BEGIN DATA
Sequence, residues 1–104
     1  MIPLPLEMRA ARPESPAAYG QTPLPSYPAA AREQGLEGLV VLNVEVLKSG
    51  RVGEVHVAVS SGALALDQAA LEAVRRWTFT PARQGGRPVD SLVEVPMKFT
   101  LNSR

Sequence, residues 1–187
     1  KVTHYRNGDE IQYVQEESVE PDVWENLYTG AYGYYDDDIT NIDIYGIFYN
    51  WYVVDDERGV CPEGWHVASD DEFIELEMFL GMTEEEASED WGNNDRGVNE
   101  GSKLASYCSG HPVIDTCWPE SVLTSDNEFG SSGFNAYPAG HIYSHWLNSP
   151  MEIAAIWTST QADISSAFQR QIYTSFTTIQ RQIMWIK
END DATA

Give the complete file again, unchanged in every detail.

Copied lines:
Sequence, residues 1–104
     1  MIPLPLEMRA ARPESPAAYG QTPLPSYPAA AREQGLEGLV VLNVEVLKSG
    51  RVGEVHVAVS SGALALDQAA LEAVRRWTFT PARQGGRPVD SLVEVPMKFT
   101  LNSR

Sequence, residues 1–187
     1  KVTHYRNGDE IQYVQEESVE PDVWENLYTG AYGYYDDDIT NIDIYGIFYN
    51  WYVVDDERGV CPEGWHVASD DEFIELEMFL GMTEEEASED WGNNDRGVNE
   101  GSKLASYCSG HPVIDTCWPE SVLTSDNEFG SSGFNAYPAG HIYSHWLNSP
   151  MEIAAIWTST QADISSAFQR QIYTSFTTIQ RQIMWIK